Published: 06:00, 19 June 2020
| Updated: 07:32, 19 June 2020
A mother has spoken of her family's emotional turmoil after her healthy son ended up on life support as a result of contracting coronavirus.
Caroline Pratt, of Seabrook Road, Seabrook, had to endure weeks of no contact with Oliver, 20, as his body was ravaged by multisystem inflammatory syndrome associated with Covid-19.
The syndrome shares symptoms of Kawasaki disease and is thought to mainly affect young children - the immune system is forced into overdrive as a response to the virus, causing multi-organ dysfunction and in some cases sepsis.
Mrs Pratt and her husband Jonathan quickly sought medical attention when Oliver came downstairs one morning in May feeling unwell.
She said: "He was really finding it difficult to stay conscious, vomiting blood, there was blood in his urine, and he had this rash going all the way from his hands up to his elbows."
The parents had isolated from Oliver and their other two children Ben, 17, and Imogen, 13, two weeks earlier after contracting the virus themselves.
The pair only had mild symptoms, but what started as a sore throat and headache for Oliver quickly snowballed into something far more serious, and he was admitted at Ashford's William Harvey Hospital.
An antibody test revealed that he had contracted the virus weeks before but had no symptoms, but what his body was going through now was an inflammatory syndrome related to the virus.
Due to strict social distancing measures the parents were not allowed to be with Oliver as his condition quickly worsened, and were kept up to date via emotional phone calls.
Mrs Pratt said: "At 1:30am we had a call saying his condition had deteriorated so much he was going to ICU, and they told me his liver function was deranged, he had jaundice, his blood pressure was being monitored through a line in his neck and he was needing oxygen.
"At one point while I was talking to his doctor they were in the process of putting him on life support - it was a horrendous phone call."
Eventually the decision was made by the medical team to transfer Oliver to London's St Thomas' Hospital in the event his heart might fail.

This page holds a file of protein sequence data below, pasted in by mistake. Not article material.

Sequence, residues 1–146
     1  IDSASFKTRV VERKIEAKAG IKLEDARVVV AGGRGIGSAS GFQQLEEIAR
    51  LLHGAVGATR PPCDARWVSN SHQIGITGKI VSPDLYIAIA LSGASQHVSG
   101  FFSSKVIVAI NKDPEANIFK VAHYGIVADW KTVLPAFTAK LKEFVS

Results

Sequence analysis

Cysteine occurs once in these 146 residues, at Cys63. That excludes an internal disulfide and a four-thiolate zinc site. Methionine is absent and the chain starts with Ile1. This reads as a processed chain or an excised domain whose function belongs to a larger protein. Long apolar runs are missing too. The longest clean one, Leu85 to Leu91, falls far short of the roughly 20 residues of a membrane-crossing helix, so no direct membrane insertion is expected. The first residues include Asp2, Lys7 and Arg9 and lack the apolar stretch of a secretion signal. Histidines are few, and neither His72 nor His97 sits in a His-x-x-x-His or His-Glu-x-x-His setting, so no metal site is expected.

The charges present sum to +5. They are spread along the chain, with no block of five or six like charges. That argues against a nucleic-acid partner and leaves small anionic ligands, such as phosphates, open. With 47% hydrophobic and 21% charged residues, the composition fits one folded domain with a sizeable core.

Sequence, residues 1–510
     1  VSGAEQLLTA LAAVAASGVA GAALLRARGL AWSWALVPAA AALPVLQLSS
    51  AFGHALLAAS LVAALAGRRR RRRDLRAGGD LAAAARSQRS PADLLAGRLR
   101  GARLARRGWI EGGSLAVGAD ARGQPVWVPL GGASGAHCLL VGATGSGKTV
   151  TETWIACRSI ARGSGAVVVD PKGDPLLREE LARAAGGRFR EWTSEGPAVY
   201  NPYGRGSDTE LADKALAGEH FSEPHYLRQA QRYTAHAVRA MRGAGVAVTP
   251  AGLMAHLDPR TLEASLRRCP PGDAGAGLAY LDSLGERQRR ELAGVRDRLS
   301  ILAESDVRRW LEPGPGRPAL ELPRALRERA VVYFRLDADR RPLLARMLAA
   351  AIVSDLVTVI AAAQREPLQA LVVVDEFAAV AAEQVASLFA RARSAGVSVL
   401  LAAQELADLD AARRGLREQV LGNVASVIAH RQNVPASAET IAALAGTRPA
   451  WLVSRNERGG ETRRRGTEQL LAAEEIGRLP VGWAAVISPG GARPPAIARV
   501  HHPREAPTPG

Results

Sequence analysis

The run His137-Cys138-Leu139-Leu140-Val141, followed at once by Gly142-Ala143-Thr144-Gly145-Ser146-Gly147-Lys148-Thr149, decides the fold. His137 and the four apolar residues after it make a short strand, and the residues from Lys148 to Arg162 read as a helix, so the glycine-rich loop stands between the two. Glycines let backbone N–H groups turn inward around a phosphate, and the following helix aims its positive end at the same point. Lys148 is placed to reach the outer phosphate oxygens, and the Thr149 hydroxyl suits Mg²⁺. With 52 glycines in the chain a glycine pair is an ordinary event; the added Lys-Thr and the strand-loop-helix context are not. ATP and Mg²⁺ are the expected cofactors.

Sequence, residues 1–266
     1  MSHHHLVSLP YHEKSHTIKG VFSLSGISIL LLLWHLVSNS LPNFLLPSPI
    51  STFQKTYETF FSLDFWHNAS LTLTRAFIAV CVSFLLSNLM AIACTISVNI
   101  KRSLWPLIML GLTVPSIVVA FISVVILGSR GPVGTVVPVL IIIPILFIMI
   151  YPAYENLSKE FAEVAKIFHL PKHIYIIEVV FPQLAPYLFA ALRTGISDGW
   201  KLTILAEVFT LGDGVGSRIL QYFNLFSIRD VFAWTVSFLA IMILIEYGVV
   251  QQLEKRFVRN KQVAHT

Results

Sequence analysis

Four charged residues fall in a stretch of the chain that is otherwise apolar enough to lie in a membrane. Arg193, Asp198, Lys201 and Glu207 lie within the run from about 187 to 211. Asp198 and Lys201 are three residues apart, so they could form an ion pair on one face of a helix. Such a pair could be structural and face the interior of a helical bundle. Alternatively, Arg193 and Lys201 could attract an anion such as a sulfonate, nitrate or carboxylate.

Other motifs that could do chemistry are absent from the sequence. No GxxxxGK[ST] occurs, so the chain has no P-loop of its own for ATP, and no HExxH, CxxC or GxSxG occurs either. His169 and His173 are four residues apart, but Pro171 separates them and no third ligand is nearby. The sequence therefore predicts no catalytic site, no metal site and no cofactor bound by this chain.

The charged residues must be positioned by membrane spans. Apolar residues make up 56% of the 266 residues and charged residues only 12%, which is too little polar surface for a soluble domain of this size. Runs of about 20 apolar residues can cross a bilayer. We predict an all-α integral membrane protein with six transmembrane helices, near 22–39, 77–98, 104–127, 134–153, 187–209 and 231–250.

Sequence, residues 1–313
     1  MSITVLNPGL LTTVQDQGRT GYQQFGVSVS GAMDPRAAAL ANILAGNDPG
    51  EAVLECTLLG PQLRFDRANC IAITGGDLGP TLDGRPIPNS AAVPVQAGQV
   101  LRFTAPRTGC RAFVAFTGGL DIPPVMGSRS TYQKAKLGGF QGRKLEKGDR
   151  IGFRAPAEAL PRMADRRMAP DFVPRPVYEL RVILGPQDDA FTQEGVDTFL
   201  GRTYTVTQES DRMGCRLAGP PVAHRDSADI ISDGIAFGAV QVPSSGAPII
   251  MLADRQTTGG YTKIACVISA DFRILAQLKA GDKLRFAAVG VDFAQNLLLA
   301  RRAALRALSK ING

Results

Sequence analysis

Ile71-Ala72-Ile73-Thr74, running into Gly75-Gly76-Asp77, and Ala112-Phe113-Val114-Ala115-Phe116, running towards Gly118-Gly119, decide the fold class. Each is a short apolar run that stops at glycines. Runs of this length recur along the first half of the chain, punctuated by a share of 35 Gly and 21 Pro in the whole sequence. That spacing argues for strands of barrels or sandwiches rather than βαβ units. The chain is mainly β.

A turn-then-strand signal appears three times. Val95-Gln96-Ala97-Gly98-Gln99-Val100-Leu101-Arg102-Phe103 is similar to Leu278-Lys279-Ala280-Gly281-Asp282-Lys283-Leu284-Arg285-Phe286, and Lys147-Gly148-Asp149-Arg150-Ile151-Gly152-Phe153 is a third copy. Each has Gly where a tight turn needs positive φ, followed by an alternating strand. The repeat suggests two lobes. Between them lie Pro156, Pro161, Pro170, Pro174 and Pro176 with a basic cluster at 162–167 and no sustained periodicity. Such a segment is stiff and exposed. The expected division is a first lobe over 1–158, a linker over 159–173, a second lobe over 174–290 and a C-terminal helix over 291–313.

The mum-of-three said: "To suddenly think he might need a heart transplant was horrific."
During Oliver's time being cared for 24/7 by NHS staff his parents were not allowed to come and see him, having to resort to regular phone calls and video chats with the on-call nurses.
Mrs Pratt wrote a blog during this time, to keep track of everything that was happening and give herself something to focus on.
One entry read: "The NHS are amazing and I have no doubt at all that Ollie is in great hands, and all the staff I have spoken with feel our plight in these uncertain times.
"But, the agony of waiting for news, hoping we can see Ollie via a video link and the interminable gap between phone calls is quite simply torturous."
But after just two weeks Oliver made a remarkable recovery, getting the all-clear to be picked up by his parents on June 3.
Mrs Pratt said: "We just threw our arms around him and the nurse left us to give us some privacy - there were lots of tears."
Despite Oliver's quick recovery the long-term effects of the illness are still not clear, as medical researchers continue to learn more about the inflammatory syndrome and its connection with coronavirus.
For the Pratt family, Oliver's ordeal revealed the reality that the virus can have near-fatal consequences for people who have no underlying health conditions, as well as those who are initially asymptomatic with Covid-19.
Oliver, who is a second-year student at the University of the Creative Arts in Canterbury, hopes his life-threatening experience will make people think twice about ignoring social distancing measures.
He said: "Just take it seriously, don't think you're immune.
"It's easier to get the virus than a lot of people think, you don't need to be directly coughed on or anything."
Mrs Pratt, who works at the Beacon, a special needs school in Folkestone, has since set up a fundraiser for staff at the William Harvey Hospital to thank them for what they did for her son.
She said: "All this stuff was going on in his body, and we didn't know until it was almost too late.
"The William Harvey's actions are what saved his life, because if they hadn't identified what was wrong and got him to St Thomas' in time, it could have been a very different story."